F1's fast farewell to Europe

Globalisation and the pursuit of money have seen a continental drift in grand prix racing

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The Independent Online

Traditionally the Formula One season's first race in Europe is a notional chance for a fresh start for those teams whose performance has disappointed in the opening races in other parts of the globe. Often though, the fresh start turns out to be a false dawn.

Once upon a time most grands prix were held in Europe. In the first season of the FIA Formula One World Championship, in 1950, six of the seven races were held on European soil. The Indianapolis 500 was only included on the calendar as a token "flyaway" race, in which none of the grand prix set chose to compete.

Europe's influence on grand prix racing back then was enormous, with races in Britain, France, Monaco, Germany, Italy, Belgium and Spain later joined by others in Holland, Austria, Portugal and Hungary. Many of the world's greatest tracks were European: the old Nurburgring in Germany, Spa- Francorchamps in Belgium, the Osterreichring in Austria, Zandvoort in Holland and Clermont-Ferrand in France.

Over the years America, Canada, Mexico and South Africa were added as venues, followed by Argentina, Brazil and Japan to create a genuine world championship.

While 85.7 per cent of the races in 1950 were European, by 1995 that was down to 64.7 per cent, and most teams reckoned that was about right. But today, Europe's influence on grand prix racing is under threat. The French Grand Prix, first held in 1906 was last run in 2008, victim of Europe's financial vicissitudes.

In a game of politics between ringmaster Bernie Ecclestone and the British Racing Drivers' Club who run Silverstone, the traditional home of the British GP, even that august event appeared to be under threat until Damon Hill was instrumental in forging a 17-year deal with Ecclestone which has safeguarded its future until 2022.

Germany wavers between Hockenheim and Nurburgring as promoters share the burden, with each reaping the rewards every other year. But now even the country which bred Michael Schumacher and his spiritual successor Sebastian Vettel is struggling to stay in the game. The benefits of global expansion have hit the traditions of the sport hard. So what happened?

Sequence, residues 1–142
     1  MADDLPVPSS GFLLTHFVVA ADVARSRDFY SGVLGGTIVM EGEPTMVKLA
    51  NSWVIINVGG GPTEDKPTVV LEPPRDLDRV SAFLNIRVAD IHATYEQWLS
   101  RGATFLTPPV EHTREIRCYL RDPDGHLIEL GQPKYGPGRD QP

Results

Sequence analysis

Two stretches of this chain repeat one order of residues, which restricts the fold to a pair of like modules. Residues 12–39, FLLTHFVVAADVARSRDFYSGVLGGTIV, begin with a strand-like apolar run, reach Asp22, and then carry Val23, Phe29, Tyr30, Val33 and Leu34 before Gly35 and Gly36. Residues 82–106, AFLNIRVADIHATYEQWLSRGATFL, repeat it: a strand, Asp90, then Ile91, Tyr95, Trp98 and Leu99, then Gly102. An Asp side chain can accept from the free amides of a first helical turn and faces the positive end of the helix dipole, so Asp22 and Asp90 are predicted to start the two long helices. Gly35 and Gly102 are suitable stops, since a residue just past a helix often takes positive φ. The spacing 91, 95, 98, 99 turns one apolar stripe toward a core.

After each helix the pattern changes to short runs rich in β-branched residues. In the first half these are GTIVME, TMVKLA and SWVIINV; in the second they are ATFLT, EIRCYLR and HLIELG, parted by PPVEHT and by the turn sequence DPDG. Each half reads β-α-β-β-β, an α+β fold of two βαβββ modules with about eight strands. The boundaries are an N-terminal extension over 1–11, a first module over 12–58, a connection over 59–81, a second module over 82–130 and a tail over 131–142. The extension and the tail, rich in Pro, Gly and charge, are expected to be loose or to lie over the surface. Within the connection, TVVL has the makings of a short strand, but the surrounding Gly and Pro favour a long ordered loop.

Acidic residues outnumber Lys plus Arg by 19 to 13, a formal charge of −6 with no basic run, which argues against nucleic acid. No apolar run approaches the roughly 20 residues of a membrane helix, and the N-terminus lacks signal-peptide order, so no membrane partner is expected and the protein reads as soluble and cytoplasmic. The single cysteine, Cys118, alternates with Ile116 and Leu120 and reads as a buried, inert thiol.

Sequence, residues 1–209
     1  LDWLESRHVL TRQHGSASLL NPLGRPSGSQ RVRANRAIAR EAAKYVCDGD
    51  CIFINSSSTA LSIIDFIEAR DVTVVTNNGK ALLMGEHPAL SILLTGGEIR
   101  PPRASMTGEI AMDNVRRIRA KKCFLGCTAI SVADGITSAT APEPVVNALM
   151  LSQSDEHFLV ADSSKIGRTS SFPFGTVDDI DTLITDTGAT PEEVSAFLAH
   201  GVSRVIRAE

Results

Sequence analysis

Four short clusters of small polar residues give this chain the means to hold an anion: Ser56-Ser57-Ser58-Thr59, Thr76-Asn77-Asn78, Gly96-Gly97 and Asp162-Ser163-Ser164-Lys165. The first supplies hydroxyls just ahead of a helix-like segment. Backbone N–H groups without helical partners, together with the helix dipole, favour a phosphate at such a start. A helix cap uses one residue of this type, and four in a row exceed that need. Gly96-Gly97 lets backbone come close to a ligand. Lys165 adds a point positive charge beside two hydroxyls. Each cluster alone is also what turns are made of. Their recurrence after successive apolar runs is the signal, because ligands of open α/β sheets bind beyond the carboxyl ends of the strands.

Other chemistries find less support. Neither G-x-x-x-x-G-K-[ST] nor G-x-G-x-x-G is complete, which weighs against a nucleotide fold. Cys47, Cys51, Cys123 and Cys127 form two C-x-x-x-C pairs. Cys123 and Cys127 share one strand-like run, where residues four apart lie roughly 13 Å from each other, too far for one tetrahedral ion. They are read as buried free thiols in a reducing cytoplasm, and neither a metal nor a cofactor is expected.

It's the old story: money. Representing the commercial-rights interests of F1's majority stakeholders, CVC Capital Partners, Ecclestone has taken F1 far and wide. The new phase began with Malaysia in 1999, followed by China and Bahrain in 2004, Singapore in 2008, Abu Dhabi in 2009, Korea in 2010 and India in 2011. Russia is due to join in 2014.

Creating a circuit costs around $300 million (£195m). Ecclestone favours seven-year deals at $40m for the first year with a 10 per cent annual escalator: around $379m for the duration. That means a total financial commitment of close to $700m.

Somehow the BRDC sourced the wherewithal to revamp Silverstone, while India's Buddh International Circuit and the new Circuit of the Americas in Austin, Texas were also privately financed. But the trend is for the governments of far-flung climes anxious to stamp their sporting identity on the world to stump up the ante. Which makes it doubly tough for European venues, and equally ironic that America, for so long shunned by F1 after the fiasco at Indianapolis in 2005, looks set to become the next major power, with a possible three races by 2016 as New Jersey and Long Beach prepare to join the party.

As Ukip hit the fast lane in their attempts to leave Europe, Formula One seems to be trying to beat them to it.